Unsafe Cladding: Protest Outside the Houses of Parliament

A protest was held today outside the Houses of Parliament to demand funding to make at least 1,500 tower blocks safe, and free from the combustible cladding. The protest was attended by more than 100 residents, including those from affected tower blocks in Manchester, Birmingham, and Leeds. Bishop Lloyd and Jackson also attended the rally to show their support for those who are trapped by unsafe cladding.

The Mayor of Greater Manchester, Andy Burnham, led the rally and called for a bailout to improve fire safety for the thousands of people living in residential buildings and apartment blocks wrapped in dangerous cladding across the country. Andy Burnham stated:

“The government hasn’t faced up to the full scale of the cladding crisis…the message we have to send out today is to stop gambling with peoples’ safety.”

It has been nearly 1,000 days since the Grenfell Tower fire, and there are still thousands of people, including the elderly, and families with young children, living in blocks of flats and high-rise buildings, with unsafe cladding.

Developers, building owners and freeholders are refusing to cover the costs of the remedial works to have the cladding removed, arguing that it is not their responsibility to pay for the work. This now puts the leaseholders in a difficult position, as they are struggling to sell their properties, due to the fire concerns surrounding unsafe cladding.

As part of the Building Safety Programme, which was set up by the Ministry of Housing, Communities, and Local Government, £200m was paid by the government, to remove the same type of aluminium composite material cladding (ACM), that was used on Grenfell tower, from other private blocks.  Unsafe ACM cladding is still used on some buildings, with freeholders making no plans to remove the cladding.

Other combustible materials, such as high-pressure laminates (HPL) are still present on many tower blocks across the United Kingdom. The estimated cost for removing unsafe cladding in the UK is more than £2bn, with at least 57 apartment blocks covered in combustible cladding, in Greater Manchester alone.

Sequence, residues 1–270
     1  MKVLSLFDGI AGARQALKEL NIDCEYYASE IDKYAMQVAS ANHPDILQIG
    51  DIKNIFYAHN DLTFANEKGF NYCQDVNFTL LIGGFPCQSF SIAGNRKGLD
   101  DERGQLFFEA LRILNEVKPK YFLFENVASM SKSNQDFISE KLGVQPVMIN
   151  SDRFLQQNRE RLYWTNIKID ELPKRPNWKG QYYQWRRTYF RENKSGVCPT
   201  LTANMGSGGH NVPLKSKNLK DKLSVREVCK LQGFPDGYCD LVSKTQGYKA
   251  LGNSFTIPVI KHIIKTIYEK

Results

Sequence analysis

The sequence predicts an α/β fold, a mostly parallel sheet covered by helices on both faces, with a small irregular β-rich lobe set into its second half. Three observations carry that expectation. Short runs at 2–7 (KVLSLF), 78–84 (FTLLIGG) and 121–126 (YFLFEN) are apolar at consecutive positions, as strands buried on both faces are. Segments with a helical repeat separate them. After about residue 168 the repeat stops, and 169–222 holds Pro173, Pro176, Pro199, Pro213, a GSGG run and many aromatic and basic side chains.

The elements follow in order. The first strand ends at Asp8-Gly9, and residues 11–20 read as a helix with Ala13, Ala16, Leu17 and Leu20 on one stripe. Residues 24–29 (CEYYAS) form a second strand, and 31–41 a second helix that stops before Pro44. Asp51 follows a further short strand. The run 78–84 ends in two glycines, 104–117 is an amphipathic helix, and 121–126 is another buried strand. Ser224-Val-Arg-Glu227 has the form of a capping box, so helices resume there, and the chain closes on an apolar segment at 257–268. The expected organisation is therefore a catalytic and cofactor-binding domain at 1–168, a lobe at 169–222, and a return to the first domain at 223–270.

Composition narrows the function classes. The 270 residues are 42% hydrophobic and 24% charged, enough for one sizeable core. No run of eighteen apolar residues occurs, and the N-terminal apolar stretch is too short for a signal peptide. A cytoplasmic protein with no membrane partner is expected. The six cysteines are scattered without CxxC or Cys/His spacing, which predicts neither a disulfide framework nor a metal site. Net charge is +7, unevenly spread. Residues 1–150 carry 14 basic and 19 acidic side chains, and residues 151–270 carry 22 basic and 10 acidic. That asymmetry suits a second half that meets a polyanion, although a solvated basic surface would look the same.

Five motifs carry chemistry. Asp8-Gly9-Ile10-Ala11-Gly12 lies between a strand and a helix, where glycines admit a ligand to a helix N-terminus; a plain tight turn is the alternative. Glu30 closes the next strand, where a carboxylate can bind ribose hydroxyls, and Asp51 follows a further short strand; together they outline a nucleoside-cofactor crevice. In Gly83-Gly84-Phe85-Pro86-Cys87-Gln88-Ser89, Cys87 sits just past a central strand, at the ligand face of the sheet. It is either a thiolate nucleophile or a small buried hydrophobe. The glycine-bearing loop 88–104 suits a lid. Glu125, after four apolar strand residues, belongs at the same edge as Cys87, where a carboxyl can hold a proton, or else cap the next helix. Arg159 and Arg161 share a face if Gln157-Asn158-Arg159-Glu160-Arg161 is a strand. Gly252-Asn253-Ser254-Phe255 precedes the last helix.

Who should cover the Cost of Removing Unsafe Cladding?

There has been no government fund available for the removal of other unsafe cladding, with an unsuccessful strategy to persuade developers and freeholders to foot the bill of cladding removal. Many people, including Andy Burnham, believe that the current government is not doing enough to help the fire safety crisis. Burnham further stated:

“It’s funny in this country how we can always find money for some things but not for others.”

A high proportion of campaigners are of the opinion that the responsibility of replacing unsafe cladding should be shared between the government, developers, and freeholders as they all played a part in the creation of fire safety crisis.

The Grenfell disaster, in West London, has highlighted the need for new fire safety measures in the UK, including the removal of all unsafe cladding from buildings. It is clear that enough has not been done to protect the residents in both social housing, and private accommodation, from unsafe living conditions.

How can Bishop Lloyd and Jackson Help?

BLJ support the residents living in buildings with unsafe cladding, and we continue to fight for justice for the victims of Grenfell Tower and those who require remedial works to their properties. If you would like to find out more on how we can help with Fire Safety, please get in touch and Contact us.

Our work in relation to the Grenfell Tower fire means we are uniquely placed to advise in relation to possible litigation in this area and on fire safety law.

We have already started litigation on behalf of residents of a block of flats where there were significant fire safety breaches, and continue to investigate other buildings/residents at risk of future fire damage.

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